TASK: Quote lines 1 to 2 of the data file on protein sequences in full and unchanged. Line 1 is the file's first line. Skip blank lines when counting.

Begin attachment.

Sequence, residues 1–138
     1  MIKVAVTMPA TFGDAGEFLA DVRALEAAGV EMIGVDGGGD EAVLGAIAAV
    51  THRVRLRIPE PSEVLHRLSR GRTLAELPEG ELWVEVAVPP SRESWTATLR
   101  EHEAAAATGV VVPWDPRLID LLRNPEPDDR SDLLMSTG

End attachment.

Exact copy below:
Sequence, residues 1–138
     1  MIKVAVTMPA TFGDAGEFLA DVRALEAAGV EMIGVDGGGD EAVLGAIAAV